WICHITA, Kan. (AP) — The federal Office of Inspector General for the Veterans Affairs Department released a report Wednesday citing a list of needed improvements and performance review for the six community-based outpatient clinics across Kansas overseen by the Robert J. Dole VA Medical Center in Wichita.
Its recommendations are based in part on a site visit to the Parsons clinic along with other data from VA outpatient facilities in Hays, Salina, Hutchinson, Parsons, Dodge City and Liberal. The routine review had been scheduled before national outcry over reports of patient deaths, widespread treatment delays and falsified records at VA facilities nationwide.
Most of the issues cited in the report target the single Parsons clinic that inspectors visited in May, when the OIG found problems such as no panic alarm system, incomplete diagnostics, inadequate staff training and poor medication management. Inspectors found, for example, that the staff at the Parsons clinic did not do complete diagnostic assessments on 38 percent of patients who had positive alcohol-use screenings.
The Dole VA Medical Center, which administers the clinics, said in an email that it would be able to meet all the recommendations in the OIG report, noting it touched on issues that can be resolved in a “timely fashion.”
Its executive secretary, Diane Henderson, noted in an email that the report specifically speaks of the Parsons clinic in which everything listed — from fire drills to women veterans in exam rooms having access to gender-specific bathrooms — are “routine matters” that will be resolved.
“Overall, the goal is to have all recommendations completed by January 2015,” she said.
The Inspector General made a detailed list of recommendations for improvement, and target dates for meeting each of them. The report noted that the issues are “significant enough to be monitored by the OIG until corrective actions are implemented.” Those recommendations included things like installing a panic alarm system, conducting disaster exercises, and additional staff training.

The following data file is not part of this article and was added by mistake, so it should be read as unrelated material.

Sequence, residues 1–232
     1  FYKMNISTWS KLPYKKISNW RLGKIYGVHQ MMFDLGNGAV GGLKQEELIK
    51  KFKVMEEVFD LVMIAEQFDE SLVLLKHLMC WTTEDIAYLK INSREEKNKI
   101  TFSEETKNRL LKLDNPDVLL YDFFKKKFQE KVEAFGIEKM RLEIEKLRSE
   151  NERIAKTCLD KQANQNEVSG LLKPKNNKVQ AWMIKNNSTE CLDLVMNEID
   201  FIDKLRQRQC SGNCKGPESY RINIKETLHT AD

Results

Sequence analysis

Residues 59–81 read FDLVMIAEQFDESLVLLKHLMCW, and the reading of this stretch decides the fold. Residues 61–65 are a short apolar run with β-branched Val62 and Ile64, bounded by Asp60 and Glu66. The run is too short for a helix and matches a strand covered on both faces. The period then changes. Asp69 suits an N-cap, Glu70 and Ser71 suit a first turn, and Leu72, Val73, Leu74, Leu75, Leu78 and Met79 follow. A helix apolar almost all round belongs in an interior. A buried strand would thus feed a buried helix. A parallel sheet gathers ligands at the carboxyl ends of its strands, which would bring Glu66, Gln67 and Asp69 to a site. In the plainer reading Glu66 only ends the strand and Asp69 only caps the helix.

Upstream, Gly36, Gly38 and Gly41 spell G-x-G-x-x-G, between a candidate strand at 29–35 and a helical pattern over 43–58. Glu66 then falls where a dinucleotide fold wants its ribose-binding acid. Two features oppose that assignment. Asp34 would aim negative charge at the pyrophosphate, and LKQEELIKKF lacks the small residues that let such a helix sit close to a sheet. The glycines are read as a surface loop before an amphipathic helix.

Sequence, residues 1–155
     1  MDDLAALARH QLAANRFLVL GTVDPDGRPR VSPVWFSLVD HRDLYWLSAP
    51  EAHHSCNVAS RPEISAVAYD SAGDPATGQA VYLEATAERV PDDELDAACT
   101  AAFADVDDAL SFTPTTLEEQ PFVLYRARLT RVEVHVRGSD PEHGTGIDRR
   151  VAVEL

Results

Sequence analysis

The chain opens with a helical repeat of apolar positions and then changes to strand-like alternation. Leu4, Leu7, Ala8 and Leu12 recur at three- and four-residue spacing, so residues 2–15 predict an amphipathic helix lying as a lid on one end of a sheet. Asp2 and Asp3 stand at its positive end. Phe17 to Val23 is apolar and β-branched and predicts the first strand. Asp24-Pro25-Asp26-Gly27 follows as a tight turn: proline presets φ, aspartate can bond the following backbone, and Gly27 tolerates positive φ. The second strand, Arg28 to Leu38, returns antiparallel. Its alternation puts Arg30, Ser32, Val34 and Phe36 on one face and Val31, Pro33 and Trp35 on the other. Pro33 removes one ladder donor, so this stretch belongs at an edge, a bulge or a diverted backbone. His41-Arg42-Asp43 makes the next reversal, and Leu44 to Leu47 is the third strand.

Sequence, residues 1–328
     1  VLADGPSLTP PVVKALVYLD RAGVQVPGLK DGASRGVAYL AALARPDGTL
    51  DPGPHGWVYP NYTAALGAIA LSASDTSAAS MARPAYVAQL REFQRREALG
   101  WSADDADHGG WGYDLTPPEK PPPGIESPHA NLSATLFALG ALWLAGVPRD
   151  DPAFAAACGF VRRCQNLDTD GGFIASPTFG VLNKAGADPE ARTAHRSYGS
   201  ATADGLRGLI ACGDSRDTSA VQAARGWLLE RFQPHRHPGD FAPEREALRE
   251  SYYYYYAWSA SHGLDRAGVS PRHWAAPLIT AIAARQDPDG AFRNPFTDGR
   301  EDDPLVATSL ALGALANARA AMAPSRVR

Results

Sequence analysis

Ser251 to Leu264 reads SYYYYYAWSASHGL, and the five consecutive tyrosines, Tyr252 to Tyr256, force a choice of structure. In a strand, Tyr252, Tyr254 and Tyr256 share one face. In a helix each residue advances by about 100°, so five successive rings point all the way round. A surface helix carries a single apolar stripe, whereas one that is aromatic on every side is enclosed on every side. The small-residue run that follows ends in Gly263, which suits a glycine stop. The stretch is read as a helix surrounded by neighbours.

In addition to the specific recommendations for Parsons clinic, the report also compares how well all the six Kansas outpatient clinics were able to meet wait times of under seven days and whether they follow up with patients once they are discharged. The report covered data for the fiscal year ending in September 2013.
The outpatient clinic with the worst record for scheduling patients was the one in Liberal, where it met that target just 56 percent of the time in September. The VA clinic in Hays met the wait time target about 65 percent of the time, and Salina met it 85 percent; Hutchinson was at 91 percent; and Parsons and Dodge City were the best with 98 percent.
But the OIG report did not address some of the more vexing problems facing the VA outpatient clinics in Kansas, such as the difficulty in recruiting and retaining health care providers in rural communities.
U.S. Sen. Jerry Moran has long criticized the VA for not having a permanent primary care provider at its Liberal clinic. The last permanent doctor at the Liberal clinic left in November 2007, Henderson said. The clinic has since relied on doctors filling in temporarily and other staff to provide services.
“Recruitment has been ongoing but it is hard to get a qualified provider in that community,” she said.
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